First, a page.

The Desmond Tutu HIV Foundation greets with great disappointment yesterday’s announcement from Johnson & Johnson and partners that the Imbokodo study, a large-scale HIV vaccine proof-of-concept study (HVTN 705) did not show sufficient levels of efficacy to continue the trial to completion. The results showed that the Adenovirus26-based mosaic vaccine regimen, while safe, did not significantly reduce the overall risk of HIV acquisition. The Data Safety Monitoring Board recommended that whilst no safety issues, the vaccine regimen in this trial was unlikely to show sufficient prevention benefit to merit ongoing investigation. The trial had enrolled over 2600 young women in 5 sub-Saharan African countries from communities with a high risk of acquiring HIV.
Dr Katherine Gill, Principal Investigator at the Masiphumelele Research Site, said that while disappointing, the news did not signal an end to the search for an HIV vaccine: “We are sad about this result but will continue to keep young women front and centre of our efforts to combat this devastating virus. We would like to acknowledge our trial participants for volunteering in this important research. Although we didn’t get the answer we were looking for, we understand that we are one step further in our pursuit of a global vaccine to end HIV.”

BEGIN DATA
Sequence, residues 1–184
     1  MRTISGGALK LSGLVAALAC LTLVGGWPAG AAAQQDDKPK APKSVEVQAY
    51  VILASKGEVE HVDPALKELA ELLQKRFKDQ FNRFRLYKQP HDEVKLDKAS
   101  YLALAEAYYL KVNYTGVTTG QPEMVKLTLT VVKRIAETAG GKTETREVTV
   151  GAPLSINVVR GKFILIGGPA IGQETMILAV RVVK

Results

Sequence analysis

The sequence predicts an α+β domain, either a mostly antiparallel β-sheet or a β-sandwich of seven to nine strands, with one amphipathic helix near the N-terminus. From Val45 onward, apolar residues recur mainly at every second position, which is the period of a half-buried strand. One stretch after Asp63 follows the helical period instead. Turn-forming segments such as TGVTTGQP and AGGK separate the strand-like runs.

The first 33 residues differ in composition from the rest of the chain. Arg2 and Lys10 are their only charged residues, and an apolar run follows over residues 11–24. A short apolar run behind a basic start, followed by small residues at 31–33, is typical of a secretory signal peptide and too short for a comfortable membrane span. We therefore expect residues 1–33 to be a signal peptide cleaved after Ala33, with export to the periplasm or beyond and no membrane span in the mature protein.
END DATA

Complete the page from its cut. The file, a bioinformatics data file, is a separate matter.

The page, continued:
Study participants will be notified of the results, unblinded and informed whether they were in the study group who received the vaccine or the group who received placebo. Further analysis of the Imbokodo study is ongoing, and the study has provided enough data to progress with key immunological correlates research.
In parallel to the Phase 2b Imbokodo HIV vaccine trial, Janssen is sponsoring the ongoing Phase 3 Mosaico study (HVTN 706/HPX3002) which is testing the safety and efficacy of a different composition of the HIV vaccine regimen among men who have sex with men (MSM) and transgender individuals. This study is being conducted in the Americas and Europe where different strains of HIV are circulating. Given these differentiating factors and following consultations with the Mosaico study independent Data and Safety Monitoring Board (DSMB), it was decided that the Mosaico study will continue at this time. We wish those participants and the trial team best wishes as they proceed.